"I realize this is all an over simplification."

Stick with that... right there.


hedgeless_horseman's picture

Stick with that... right there.


Let me guess.

You earn your livelihood selling stocks?

Cabreado's picture

A simplistic, but lousy guess.

hedgeless_horseman's picture


I am pretty simple, and have never been much of a guesser.


AliSONY's picture
AliSONY (not verified) Jan 13, 2017 10:14 PM


Only good analyst left



Penny Trader's picture

See now You do show a good analyst.  They prove they are a good analyst by showing past charts that are time stamped.  Thank you for sharing that.  


Good analysis and they have been around for a lot longer than the analysts who post on ZH. 

any_mouse's picture

Blow this shit out of your ass into your toilet.

luna_man's picture



But I wanna be like Buffett!

spdrdr's picture

We can ALL be like Buffet!

All it takes is a little imagination, a desire to go against the herd, and acquiring a lifetime's worth of good, solid political and financial contacts.

I am a bit surprised at HH - an eloquent comparison essay, but he changes tack without any attempt at explanation.  HH refers to the carny and casino "OVERHEADS" as including "bribes to Government officials".

HOWEVER, when he refers to Wall Street "OVERHEADS", he uses the rather suspect nomenclature "campaign contributions to Government officials".

It think that it's high time for Hedgeless to be re-educated.



hedgeless_horseman's picture

I am with you. 

One and the same.

I usually write it like this, using strike through:

...bribes campaign contributions...

ebworthen's picture

The "Stock Market" is a Casino.

I've been in many Casino's, and the games, the psychology, and the people are much the same; identical in my opinion.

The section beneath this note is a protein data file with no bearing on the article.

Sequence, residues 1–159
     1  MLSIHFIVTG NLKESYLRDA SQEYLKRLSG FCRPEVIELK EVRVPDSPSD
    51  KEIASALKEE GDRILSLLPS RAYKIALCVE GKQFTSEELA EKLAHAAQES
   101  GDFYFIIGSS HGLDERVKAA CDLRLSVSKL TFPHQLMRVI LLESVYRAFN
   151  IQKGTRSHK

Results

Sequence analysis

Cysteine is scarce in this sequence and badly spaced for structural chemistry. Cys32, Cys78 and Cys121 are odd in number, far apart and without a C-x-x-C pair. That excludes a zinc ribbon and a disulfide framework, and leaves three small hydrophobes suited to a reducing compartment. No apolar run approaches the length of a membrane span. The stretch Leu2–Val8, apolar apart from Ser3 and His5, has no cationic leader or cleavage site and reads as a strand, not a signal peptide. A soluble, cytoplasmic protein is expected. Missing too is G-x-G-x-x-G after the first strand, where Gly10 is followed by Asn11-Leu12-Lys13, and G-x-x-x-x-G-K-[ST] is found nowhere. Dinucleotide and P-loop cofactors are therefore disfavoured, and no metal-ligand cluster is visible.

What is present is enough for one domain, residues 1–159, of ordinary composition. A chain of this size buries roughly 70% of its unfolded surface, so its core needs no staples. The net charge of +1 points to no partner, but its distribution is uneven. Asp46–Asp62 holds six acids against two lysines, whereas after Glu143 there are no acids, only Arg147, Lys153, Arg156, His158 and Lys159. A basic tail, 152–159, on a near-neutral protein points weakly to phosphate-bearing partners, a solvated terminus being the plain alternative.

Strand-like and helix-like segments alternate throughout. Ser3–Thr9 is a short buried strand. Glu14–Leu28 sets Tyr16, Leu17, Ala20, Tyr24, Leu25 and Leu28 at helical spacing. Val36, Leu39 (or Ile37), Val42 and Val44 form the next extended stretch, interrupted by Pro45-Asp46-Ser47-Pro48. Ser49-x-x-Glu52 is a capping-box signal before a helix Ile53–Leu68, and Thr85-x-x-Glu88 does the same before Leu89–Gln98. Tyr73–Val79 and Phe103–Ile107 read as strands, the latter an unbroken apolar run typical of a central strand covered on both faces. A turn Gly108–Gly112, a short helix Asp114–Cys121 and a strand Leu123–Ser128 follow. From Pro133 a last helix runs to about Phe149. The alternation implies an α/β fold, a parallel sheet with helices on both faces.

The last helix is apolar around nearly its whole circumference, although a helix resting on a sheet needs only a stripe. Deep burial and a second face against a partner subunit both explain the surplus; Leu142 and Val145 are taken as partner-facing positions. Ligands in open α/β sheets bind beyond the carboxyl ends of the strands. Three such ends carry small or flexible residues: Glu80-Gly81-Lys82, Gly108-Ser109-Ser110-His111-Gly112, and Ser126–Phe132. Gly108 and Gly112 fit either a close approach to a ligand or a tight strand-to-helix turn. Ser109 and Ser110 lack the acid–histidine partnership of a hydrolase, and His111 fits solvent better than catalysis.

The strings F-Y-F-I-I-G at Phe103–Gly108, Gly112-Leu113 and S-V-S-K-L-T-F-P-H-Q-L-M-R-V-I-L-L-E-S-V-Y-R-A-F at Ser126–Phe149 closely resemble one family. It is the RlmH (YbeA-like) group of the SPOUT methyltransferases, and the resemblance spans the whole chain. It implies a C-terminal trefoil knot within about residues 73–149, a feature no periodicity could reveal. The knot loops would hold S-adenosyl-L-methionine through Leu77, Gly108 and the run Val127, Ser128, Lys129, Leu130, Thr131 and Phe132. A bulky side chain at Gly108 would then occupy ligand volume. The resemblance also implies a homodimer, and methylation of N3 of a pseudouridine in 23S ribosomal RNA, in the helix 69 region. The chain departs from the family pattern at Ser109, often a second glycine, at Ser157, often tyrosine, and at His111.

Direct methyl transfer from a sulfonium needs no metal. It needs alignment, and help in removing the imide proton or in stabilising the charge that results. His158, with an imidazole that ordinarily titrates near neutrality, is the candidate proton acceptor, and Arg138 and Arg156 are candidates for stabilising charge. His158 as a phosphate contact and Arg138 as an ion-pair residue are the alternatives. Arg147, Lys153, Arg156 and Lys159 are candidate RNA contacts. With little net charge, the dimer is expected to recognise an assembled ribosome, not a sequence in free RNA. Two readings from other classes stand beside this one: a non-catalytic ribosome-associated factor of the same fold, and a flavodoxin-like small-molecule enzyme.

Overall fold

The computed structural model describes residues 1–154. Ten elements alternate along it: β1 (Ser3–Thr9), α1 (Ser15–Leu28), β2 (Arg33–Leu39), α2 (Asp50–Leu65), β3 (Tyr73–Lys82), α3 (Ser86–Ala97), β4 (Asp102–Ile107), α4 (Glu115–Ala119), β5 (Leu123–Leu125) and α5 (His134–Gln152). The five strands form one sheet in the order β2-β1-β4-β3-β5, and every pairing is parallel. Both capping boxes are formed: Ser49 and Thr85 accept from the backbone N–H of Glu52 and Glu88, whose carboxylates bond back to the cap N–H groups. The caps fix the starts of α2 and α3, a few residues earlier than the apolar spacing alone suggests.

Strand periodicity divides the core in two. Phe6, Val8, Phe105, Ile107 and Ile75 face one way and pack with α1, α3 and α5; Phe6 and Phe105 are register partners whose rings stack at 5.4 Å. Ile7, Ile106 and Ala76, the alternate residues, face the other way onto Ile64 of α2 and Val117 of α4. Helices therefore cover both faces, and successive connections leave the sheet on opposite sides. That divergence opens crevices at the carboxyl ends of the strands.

If it looks like a duck, walks like a duck, talks like a duck...

Here are where the "gains" in the "markets" came from:


Where's my bailout?


Zarbo's picture

Thanks, HH.  Nice comparison.  What effect does trillions of dollars of derivatives (with no real backing) do to affect the closed system for the dollar?  Serious question.

bIlluminati's picture

In the runup from 1.47% to 2.5%, the Feral Reserve lost about $700 billion (and another $80 billion at the recent peak). Since then the FR has gained $100 billion, so only down $600 billion. Compare to the Mississippi Bubble. In 1716, Scotsman John Law, with the support of the Duke of Orleans, started the French Bank and issued bank currency. In 1717, he gained control of the Mississippi Company. IN 1719, the Company obtained the right to collect all French taxes, Real estate prices in Paris increased 20-fold from 1719 to early 1720.

When investors in John Law's company (it changed names several times in this period) started to take profits, by selling shares and redeeming them in gold and silver, prices fell. Shares of the company, which had gone from 500 livres to 16,000 livres, dropped back to 500 livres by early 1721. John Law ran for his life, having lost almost all of his own wealth.

The Feral Reserve is a committee, and is more likely to end as a later French government (pre-Napoleon) ended. Compared to 1930, the U.S. is like Britain, China is like the U.S., and the U.S. Deep State wants Russia to be like Germany. History does not repeat, but it often rhymes. China will have a tough economy the next ten years, but beyond that, prediction is difficult, as the personalities of U.S. commoners and rulers are distinct from Chinese commoners and rulers. Obviously, some of China and U.S. will push for war.

hedgeless_horseman's picture

I think that maybe the vast amount of derivatives act like a complex support system for our current financial markets, much like wooden scaffolding, propping it up.

But like wooden scaffolding, once a spark ignites the highly inflammable support structure, the support system will act like fuel for the fire.

zhandax's picture

HH is on to something here. The derivatives market is a separate casino for the 'players', but that is another discussion.

When there was still a quasi-legal basis for the dollar (the gold standard), currency risk could be calculated and hedged based on a fixed value.

Since Nixon closed the gold window in 1971, inflation is whatever the Fed 'target' declares plus or minus execution variance.

Within current targets and in colloquial terms, your currency is expected to loose 2% of its value each year (IF the Fed remains on target). Think of this as the house edge. Your capital increases only by the excess of 2% of your nominal gains, and decreases by 2% of the remainder EACH YEAR.

Obviously this situation attenuates loss aversion and has a depressive effect across the board.